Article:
Bunker Condition
yes, but quite difficult
Beware of water on 7 holes and the 70 sand traps.

Texas Outside Rating

Overall Rating:
9.5 out of 10
Fun to Play:
Front Nine Rating:
Back Nine Rating:


Approximate Weekend
$55.00 to $130.00

Keystone's service can't be beat. Head Pro, Jim Banks, and his team do an outstanding job of welcoming guests and keeping the course and pace of play just right. Jim even taught me how to compress my iron shots! The staff also promotes and directs enjoyable golf programs for locals and visiting guests alike. Steve Corneillier, GM of Keystone Golf, welcomes all with his big smile and friendly manner.



Here's How Texas Outside Determines the Scorecard Rating

The Texas Outside rating scale ranges from 1 to 10 – a perfect 10 course would be something like this:  links along a cliff overlooking the Pacific ocean and bordered by tall trees; lush fairways on rolling hills with lots of natural hazards; water (which is crystal clear) on most of the holes; immaculate greens (but they are undulating and tough); lots of variety and character (each hole is completely different and includes blind shots, elevation changes, doglegs, and significant challenges); perfectly manicured traps with the whitest and prettiest sand you’ve ever seen; a nice club house with great food and a 19th hole; a GPS; plenty of beverage carts or your own cooler and ice; and it only costs $40 bucks! What this means is that you probably won’t find any 10s in Texas – try Cabo San Lucas, Pebble Beach, or some of the Hawaii courses!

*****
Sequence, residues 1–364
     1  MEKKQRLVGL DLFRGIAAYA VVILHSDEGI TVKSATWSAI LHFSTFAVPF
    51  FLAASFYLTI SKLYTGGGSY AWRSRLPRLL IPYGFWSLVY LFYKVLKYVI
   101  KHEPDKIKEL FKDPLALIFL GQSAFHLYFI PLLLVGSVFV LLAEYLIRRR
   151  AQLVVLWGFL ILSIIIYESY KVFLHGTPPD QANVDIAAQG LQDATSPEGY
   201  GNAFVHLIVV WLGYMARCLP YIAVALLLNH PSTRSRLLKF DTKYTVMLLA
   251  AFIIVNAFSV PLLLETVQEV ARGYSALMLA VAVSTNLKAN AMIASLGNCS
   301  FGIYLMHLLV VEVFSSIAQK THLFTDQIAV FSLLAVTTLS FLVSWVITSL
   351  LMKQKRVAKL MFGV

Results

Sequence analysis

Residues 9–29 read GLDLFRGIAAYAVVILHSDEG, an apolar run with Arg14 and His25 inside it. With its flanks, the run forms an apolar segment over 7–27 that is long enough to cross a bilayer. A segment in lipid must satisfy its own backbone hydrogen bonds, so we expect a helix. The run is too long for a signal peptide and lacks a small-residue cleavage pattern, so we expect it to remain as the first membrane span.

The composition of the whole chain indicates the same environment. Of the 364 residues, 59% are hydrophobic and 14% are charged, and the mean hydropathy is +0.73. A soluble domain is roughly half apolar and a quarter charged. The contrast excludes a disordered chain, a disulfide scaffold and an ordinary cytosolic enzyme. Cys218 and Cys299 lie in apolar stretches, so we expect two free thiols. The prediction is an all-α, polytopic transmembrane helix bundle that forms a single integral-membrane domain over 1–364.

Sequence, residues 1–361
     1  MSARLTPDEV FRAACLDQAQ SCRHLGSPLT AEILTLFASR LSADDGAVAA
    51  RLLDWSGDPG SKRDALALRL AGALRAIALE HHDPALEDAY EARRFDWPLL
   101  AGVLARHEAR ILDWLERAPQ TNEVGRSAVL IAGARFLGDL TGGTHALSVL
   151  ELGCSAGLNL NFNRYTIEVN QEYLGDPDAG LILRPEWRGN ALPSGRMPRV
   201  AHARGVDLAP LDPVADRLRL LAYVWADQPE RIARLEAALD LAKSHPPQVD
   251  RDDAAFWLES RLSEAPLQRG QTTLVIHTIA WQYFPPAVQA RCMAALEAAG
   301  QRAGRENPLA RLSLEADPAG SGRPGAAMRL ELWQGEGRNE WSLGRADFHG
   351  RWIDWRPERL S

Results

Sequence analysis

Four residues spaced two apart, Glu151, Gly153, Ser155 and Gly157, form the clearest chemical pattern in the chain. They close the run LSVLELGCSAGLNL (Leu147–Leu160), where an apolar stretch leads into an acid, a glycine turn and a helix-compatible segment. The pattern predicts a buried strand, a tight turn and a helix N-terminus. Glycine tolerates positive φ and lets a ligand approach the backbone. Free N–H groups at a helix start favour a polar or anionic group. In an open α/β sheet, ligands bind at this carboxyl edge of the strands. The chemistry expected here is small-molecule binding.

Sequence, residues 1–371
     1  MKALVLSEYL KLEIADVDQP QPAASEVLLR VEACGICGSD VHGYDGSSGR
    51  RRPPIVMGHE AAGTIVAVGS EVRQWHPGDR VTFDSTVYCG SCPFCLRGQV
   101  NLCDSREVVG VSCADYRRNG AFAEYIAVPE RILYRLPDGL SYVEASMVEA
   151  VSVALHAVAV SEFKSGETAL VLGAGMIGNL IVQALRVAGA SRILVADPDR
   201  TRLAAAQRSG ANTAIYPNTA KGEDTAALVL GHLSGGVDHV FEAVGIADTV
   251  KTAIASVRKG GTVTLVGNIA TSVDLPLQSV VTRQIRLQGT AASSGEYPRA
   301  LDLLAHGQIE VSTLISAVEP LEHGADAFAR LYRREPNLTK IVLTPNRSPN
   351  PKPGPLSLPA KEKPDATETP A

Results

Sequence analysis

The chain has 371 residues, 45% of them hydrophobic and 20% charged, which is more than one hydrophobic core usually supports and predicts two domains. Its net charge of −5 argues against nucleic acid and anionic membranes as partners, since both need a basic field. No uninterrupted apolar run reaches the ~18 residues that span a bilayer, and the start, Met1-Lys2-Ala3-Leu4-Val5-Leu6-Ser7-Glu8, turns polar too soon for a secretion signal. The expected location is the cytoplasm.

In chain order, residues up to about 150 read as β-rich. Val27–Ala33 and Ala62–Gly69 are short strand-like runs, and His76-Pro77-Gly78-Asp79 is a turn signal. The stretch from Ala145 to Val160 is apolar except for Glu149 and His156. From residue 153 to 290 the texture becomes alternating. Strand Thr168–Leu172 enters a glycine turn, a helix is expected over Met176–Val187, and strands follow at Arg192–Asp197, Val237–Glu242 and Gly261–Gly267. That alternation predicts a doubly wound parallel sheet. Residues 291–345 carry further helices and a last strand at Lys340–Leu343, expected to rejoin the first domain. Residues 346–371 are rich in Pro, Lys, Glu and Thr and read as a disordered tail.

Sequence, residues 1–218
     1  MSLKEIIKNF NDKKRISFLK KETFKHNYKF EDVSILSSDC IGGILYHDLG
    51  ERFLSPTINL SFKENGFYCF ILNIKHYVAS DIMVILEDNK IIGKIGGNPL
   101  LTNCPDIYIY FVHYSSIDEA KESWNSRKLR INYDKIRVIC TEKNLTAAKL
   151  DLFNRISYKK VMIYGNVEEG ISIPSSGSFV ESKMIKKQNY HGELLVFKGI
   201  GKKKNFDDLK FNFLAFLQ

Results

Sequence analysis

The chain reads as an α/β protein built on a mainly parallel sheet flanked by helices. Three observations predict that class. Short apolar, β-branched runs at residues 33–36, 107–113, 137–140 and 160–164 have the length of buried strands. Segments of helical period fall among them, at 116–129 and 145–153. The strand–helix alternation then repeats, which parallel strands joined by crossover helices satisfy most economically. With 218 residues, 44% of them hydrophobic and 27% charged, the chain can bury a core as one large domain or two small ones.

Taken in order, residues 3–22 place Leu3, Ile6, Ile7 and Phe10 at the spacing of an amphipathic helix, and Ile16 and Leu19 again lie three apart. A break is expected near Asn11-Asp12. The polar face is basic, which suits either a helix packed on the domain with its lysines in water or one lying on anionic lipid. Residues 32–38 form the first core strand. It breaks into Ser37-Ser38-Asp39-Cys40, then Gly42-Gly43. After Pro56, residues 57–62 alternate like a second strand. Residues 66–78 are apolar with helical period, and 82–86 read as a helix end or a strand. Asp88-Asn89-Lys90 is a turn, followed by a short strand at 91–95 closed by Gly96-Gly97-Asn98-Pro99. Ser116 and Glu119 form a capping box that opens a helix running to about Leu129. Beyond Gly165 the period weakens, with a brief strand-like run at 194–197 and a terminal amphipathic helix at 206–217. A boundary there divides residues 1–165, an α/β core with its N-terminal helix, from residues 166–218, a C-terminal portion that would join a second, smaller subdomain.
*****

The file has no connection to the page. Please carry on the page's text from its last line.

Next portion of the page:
Texas Outside rates courses on the following:

  • Beauty – tall trees, rolling hills, beautiful houses, waterfalls, and similar stuff would score high; a 1 would be flat, bushes or cactus instead of trees, and some grass but mostly weeds